Have you had a spat with your honey, thinking she’d broken your mutual diet pledge by buying a sandwich at Subway? Then she told you it’s just an “Atkins Friendly Wrap,” and you felt like a fool?
No? Well, maybe you’re not as uptight as the characters in Subway’s ad campaign, or maybe you haven’t tried the Atkins diet, yet. If you haven’t, you might be wondering what all the fuss is about.
The Atkins diet and its progeny are sweeping the nation. By some estimates, as many as 30 million Americans are giving it a try.
What’s the big deal? Does it work? Is it safe?
The Atkins diet – named for its founder, Dr. Robert C. Atkins, who died last year at age 72 – has been around for more than 30 years. Atkins’ books have sold more than 15 million copies. The diet is getting a boost, now, because two recent studies show, for the first time, that it has no apparent harmful affects.
Originally called a high-fat, high-protein diet, the Atkins diet is now commonly referred to as a low-carbohydrate (low-carb) diet. Dr. Phil’s Ultimate Weight Loss Solution and the South Beach diet are less extreme variants.
- Atkins dieter lost twice as much weight over six months as those on standard low-fat diets.
- However, after one year, Atkins dieters had regained about a third of their loss while standard dieters regained only a fifth; the net loss averaged 9.7 pounds for Atkins and 5.5 pounds for standard.
- Atkins dieters generally had better levels of “good” cholesterol and triglycerides (fats) in their blood.
- No difference was found between the two groups in “bad” cholesterol or blood pressure.
- About 40 percent dropped out of each study, indicating how hard it is to stay on any diet.
Low-carb diets stand in stark contrast to the low-fat, high-carb plans traditionally promoted by the American health and agricultural industries and by weight-loss organizations such as Weight Watchers. These are often represented by the “food pyramid,” updated and republished by the U.S. Department of Agriculture (USDA) in 1996.
Indeed, if you have concern about your weight and have looked into diet options, you are probably well aware of the controversy between the two approaches.
For decades, Atkins was ostracized by the medical establishment, and his diet was labeled dangerous. Yet, his plan developed a cult following and increasingly wider acceptance. Last year, for the first time, studies published in the New England Journal of Medicine directly compared the two diet plans (see box).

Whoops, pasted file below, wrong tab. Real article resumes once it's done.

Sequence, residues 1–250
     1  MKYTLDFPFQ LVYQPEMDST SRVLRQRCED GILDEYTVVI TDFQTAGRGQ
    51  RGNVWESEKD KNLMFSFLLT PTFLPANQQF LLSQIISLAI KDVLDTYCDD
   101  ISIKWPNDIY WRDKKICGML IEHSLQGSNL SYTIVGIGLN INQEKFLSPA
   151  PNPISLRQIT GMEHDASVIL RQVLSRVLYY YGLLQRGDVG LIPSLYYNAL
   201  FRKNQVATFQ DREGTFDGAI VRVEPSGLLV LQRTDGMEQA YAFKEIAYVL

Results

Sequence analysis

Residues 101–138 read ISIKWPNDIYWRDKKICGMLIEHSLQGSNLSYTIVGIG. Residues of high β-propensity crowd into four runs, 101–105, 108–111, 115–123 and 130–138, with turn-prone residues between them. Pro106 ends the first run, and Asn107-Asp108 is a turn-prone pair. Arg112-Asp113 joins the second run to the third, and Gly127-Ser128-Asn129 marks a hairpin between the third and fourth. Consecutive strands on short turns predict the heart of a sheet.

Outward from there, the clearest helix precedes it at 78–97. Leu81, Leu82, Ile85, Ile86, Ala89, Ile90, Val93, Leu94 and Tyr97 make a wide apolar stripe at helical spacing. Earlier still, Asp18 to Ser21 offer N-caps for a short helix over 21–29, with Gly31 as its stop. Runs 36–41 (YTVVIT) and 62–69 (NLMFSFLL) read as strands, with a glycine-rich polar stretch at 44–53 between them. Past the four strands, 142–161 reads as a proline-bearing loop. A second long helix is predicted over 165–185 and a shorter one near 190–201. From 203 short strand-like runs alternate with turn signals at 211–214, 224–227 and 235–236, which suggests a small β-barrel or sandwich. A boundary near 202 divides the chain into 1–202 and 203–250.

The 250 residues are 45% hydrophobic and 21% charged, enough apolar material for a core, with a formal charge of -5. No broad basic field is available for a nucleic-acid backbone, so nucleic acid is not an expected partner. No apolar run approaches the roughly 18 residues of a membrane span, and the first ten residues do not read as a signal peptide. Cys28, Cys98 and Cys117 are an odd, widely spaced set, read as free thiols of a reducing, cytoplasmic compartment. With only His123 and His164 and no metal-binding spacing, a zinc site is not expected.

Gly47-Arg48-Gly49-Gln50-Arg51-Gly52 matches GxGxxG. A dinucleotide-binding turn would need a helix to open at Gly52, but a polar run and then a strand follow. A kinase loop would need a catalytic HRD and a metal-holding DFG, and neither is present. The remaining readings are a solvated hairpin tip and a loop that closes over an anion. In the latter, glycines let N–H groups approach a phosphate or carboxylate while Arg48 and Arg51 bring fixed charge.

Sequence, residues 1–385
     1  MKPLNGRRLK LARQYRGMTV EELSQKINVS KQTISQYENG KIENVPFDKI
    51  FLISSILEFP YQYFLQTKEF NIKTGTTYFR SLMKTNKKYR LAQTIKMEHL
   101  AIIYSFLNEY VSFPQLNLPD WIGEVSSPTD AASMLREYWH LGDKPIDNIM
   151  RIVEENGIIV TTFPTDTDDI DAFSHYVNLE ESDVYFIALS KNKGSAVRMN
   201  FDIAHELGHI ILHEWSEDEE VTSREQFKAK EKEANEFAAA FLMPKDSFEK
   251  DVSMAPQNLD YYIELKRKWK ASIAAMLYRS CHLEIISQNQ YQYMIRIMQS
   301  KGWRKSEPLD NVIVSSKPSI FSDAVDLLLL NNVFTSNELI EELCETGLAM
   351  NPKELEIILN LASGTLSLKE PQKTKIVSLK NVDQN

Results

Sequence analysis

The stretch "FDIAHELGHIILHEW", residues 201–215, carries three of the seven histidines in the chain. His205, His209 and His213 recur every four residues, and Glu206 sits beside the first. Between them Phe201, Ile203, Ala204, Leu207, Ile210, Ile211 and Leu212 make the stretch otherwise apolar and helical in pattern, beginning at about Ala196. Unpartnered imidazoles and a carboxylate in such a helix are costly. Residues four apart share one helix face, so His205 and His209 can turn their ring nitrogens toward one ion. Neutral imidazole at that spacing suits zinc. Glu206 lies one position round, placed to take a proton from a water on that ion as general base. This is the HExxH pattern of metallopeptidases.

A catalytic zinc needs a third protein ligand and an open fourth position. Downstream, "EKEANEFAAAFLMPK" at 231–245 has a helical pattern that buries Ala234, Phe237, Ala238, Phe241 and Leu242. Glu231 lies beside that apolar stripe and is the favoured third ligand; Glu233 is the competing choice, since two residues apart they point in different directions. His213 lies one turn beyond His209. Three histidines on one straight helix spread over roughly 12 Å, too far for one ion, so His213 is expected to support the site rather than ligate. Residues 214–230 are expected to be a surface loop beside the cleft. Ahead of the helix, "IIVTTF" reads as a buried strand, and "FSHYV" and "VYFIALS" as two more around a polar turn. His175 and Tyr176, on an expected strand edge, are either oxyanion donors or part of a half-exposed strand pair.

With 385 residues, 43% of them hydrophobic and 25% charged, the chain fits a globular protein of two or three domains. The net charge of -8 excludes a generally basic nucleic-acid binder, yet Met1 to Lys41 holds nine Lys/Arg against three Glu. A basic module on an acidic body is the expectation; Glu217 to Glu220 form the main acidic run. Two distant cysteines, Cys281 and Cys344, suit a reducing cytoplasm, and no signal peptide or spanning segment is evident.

The publication of these short-term studies will probably encourage other investigations into the long-term health risks of each approach. In the meantime, however, it appears that neither approach has a significant health downside.
The big problem with dieting is that most people, even if they initially lose significant weight, regain it later. Over the last century, as diets drifted steadily toward higher concentrations of fat, sugar and carbohydrates, people also become increasingly sedentary and inactive.
The combination proved deadly for individuals and for the nation’s health care budget. Estimates indicate that the annual health care costs of an obese person run about 40 percent higher than those of someone of healthy weight, and about half of this cost is borne by the federal government.
In any attempt to lose weight, people should address both sides of the equation – diet and exercise. Successful weight loss involves a change in lifestyle, not just diet.
If you want to lose weight, you should investigate diet options, consult with your doctor (especially if you are obese or have serious, known health problems) and figure out how to incorporate a more active fitness regime into your life.
The one big advantage of the Atkins diet is that it has an answer to hunger and the nagging need to eat that many dieters experience. Under the Atkins plan, a dieter can eat as much as she or he wants, provided only that the food is low-carb, high fat or high protein.